Benjamin Graham wasn’t known for his shareholder letters. Warren Buffett is. Some great CEOs don’t write great letters. And a great shareholder letter doesn’t guarantee great results. All a shareholder letter does is tell investors what the CEO is thinking, not just quarter to quarter, but year to year. Maybe it attracts investors who think in years instead of quarters. I don’t know.
I do know most shareholder letters suck. Here’s one that doesn’t.
This was a difficult year. Our defenses for an uncooperative economy are limited. We can and did lower our payroll expenses taking care not to impair services. We achieved a balance primarily through a reduction in hours worked by hourly employees, salary freezes and the elimination of overtime and bonuses. The dollar reduction was less than hoped for in part due to mandated increases in minimum wage for a substantial number of our employees. Some other costs, such as food, liquor and linen purchases, are variable and reduced in proportion to revenue declines. Percentage rents do reduce with decreased sales but fixed rents are just that, fixed. Other operating expenses did not decline as a category. In fact, this year utilities and insurance premiums remained stubbornly high and legal expenses became significant as we were in litigation on three matters. General and administrative costs decreased marginally.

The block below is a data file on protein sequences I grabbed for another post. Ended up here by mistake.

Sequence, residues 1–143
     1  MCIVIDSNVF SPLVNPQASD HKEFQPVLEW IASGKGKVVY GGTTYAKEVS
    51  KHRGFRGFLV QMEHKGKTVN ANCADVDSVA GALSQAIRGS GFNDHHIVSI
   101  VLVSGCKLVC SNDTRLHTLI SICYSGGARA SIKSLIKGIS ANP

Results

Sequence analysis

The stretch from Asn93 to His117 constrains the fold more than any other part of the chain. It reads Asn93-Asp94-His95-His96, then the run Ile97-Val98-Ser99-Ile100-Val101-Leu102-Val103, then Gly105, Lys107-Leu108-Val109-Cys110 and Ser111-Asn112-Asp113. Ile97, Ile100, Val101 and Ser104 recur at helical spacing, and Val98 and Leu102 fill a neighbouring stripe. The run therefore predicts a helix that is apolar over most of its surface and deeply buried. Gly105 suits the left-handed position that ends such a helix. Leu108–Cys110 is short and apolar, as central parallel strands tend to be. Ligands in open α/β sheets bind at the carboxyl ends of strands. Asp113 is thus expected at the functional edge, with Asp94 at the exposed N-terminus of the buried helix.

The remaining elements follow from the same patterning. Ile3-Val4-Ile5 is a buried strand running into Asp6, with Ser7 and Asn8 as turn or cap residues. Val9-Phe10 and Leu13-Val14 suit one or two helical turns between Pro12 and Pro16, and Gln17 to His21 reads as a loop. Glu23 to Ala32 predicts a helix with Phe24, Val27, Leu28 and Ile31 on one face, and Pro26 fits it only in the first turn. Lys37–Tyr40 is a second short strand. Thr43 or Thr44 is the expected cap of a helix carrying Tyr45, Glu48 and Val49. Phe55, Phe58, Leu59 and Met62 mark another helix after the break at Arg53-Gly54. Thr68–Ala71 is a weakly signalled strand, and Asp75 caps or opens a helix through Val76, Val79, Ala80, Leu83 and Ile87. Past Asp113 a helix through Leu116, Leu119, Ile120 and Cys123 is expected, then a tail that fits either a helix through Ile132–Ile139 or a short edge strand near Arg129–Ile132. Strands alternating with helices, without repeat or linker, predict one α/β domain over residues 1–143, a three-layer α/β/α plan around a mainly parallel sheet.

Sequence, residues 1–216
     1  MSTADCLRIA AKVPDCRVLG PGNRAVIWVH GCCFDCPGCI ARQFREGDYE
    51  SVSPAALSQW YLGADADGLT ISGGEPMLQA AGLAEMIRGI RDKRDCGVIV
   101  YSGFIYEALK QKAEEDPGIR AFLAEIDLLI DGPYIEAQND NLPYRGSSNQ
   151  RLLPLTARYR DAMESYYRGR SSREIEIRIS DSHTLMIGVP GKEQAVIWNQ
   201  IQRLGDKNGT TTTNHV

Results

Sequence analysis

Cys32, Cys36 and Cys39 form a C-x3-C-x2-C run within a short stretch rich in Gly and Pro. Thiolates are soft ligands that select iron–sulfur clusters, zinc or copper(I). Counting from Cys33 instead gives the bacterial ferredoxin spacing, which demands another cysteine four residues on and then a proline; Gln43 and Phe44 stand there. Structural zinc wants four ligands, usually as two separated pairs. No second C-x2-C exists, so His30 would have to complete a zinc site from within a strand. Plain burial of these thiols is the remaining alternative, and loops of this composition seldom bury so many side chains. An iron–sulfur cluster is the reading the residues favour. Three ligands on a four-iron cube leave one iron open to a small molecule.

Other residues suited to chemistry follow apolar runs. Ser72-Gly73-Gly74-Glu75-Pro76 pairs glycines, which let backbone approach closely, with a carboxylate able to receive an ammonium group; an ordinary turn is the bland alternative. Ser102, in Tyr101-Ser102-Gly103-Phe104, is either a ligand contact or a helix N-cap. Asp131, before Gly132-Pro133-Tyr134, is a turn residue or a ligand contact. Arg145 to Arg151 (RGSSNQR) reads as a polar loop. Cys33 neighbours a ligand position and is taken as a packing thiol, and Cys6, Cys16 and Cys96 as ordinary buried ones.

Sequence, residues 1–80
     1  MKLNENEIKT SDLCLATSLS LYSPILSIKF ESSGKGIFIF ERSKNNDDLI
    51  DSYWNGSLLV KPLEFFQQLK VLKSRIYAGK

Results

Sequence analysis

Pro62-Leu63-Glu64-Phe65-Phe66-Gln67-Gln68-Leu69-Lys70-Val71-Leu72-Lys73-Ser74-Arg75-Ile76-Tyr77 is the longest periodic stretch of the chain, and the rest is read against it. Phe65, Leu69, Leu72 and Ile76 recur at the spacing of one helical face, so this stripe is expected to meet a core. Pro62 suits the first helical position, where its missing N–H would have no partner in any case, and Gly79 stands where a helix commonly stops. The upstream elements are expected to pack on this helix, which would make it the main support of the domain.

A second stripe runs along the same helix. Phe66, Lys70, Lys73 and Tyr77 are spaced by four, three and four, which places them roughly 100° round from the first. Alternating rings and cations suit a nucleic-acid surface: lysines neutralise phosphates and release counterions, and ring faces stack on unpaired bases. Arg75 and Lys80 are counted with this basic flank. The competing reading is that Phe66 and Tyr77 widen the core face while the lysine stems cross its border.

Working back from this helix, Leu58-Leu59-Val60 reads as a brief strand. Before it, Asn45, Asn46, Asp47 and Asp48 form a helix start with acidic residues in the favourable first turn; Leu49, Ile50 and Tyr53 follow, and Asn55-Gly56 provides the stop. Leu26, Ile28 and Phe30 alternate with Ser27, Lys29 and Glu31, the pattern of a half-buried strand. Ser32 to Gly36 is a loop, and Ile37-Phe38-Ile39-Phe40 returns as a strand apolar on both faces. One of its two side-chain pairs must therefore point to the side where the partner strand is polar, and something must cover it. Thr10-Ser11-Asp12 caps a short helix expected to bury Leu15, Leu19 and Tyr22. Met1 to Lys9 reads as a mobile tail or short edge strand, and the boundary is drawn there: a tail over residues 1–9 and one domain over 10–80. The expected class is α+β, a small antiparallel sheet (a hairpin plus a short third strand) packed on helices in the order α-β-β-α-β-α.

Most companies use a dozen pages to say in legalese what Michael Weinstein says in one paragraph of plain English.